Former CMS officials' advice to Administrator Seema Verma: Get out of the office and talk to people

Marilyn Tavenner speaking
Association of Health Insurance Plans CEO and former CMS Administrator Marilyn Tavenner, who served under the Obama administration, was among several former CMS officials to discuss health policy at the American Hospital Association meeting in Washington, D.C., this week. (AHIP)

Former Centers for Medicare and Medicaid Services officials had some hard-won advice this week for current Administrator Seema Verma when it comes to handling the challenges of the job.

Get out of the office and talk to people.

"The outside world clamors to better appreciate what is that black box of CMS. And the more you interact with people—whether it's associations, whether it's individuals, however it is that you listen—I think you'll make better policy because you'll better appreciate the very fast-changing nature of what is the healthcare space," said Leslie Norwalk, strategic counsel to Epstein Becker & Green, P.C., who served as CMS' Acting Administrator under the George W. Bush administration.

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Norwalk spoke alongside four former CMS officials sharing the stage at that the American Hospital Association meeting in Washington, D.C., this week, when they were asked to share their best bits of wisdom from their stints in the role.

She said it's helpful, for example, that Verma took the time to speak at AHA on Monday, but that she could have done more.

"It's great that she gave a half-hour speech. It'd be good if she'd taken some questions because I think can learn a lot from what people ask you," Norwalk said. 

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Gail Wilensky, who formerly served as the administrator of what is now called CMS under the George H.W. Bush administration, said she always visited neonatal intensive care units in cities she visited because it represented the best and most frustrating part of healthcare delivery.

"I was amazed by what we could do keeping young, very premature babies alive and frustrated by the causes that so often put them there that ought to be preventable," said Wilensky, who is a senior fellow at Bethesda, Maryland-based health services organization Project HOPE.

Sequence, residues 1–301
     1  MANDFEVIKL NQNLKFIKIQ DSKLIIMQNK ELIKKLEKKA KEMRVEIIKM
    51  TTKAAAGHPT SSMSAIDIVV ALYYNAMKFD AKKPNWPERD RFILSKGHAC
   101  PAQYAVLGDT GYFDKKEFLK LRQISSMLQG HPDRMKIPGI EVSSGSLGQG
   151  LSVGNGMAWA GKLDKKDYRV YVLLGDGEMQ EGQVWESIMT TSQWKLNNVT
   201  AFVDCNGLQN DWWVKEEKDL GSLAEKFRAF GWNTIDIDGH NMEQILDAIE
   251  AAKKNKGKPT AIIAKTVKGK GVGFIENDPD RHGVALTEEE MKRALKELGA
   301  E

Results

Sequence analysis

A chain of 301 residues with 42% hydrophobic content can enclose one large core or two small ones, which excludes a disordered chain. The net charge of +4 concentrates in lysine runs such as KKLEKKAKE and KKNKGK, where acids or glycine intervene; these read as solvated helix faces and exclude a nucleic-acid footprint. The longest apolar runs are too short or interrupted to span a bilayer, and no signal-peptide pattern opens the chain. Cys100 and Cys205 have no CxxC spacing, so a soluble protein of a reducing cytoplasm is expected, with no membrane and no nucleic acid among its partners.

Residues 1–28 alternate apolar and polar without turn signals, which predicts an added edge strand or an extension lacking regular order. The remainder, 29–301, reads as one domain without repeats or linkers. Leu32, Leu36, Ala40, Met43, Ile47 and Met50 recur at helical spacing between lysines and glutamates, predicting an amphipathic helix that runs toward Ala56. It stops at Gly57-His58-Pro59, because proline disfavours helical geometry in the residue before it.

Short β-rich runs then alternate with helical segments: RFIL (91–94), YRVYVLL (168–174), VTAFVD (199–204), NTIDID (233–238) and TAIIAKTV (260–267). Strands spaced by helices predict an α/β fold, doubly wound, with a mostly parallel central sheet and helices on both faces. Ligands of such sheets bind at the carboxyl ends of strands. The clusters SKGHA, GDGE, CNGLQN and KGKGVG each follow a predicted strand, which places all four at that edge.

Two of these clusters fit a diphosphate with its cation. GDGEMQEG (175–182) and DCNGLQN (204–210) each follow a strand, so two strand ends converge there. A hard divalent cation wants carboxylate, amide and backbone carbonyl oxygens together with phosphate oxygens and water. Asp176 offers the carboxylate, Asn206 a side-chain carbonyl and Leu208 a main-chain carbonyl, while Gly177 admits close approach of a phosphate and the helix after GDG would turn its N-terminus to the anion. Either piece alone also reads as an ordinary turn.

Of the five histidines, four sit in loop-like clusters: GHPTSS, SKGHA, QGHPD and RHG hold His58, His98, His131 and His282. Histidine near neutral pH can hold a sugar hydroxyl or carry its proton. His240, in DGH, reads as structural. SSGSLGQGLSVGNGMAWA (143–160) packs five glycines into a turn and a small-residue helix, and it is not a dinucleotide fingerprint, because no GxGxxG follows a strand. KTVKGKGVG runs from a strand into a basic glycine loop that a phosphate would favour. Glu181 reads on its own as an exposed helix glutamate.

But she also said she'd advise her to pay close attention to the pushback from physicians and associations regarding the implementation of payment reform law known as MACRA, which will change the way that Medicare rewards clinicians for value over volume and also come with potential penalties.

In particular, she pointed to the new Merit-Based Incentive Payments System, known as MIPS, and alternatives that have been floated to rework the system. 

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"This is a place where she ought to see this train coming down the tracks at her, approach Congress and say, 'We need to be able to slow down the penalty phase because it is supposed to start in January and we're not ready,' Buy yourself another two years," Wilensky said. "Allow those that are already doing advance payment mechanisms to go ahead ... and get her new head of [Centers for Medicare and Medicaid Innovation] busy as fast as he can get his feet there to try out this or other alternatives." 

Marilyn Tavenner, who didn't have a chance to answer the question in front of the audience, told a reporter after the session that her advice would also be about regulation and avoiding the unintended pitfalls, like the MACRA example, in the first place.

"I say it to myself all the time: 'If I had it to do over ..." Tavenner said. "Because you're working with 5,000 people who are all interested in policy, they are going to be writing policy all the time. So let's try to prevent the regulation on the front end and then we don't have to go back to figure out how to streamline it ... it's a lot better to not have it than to have to fix it."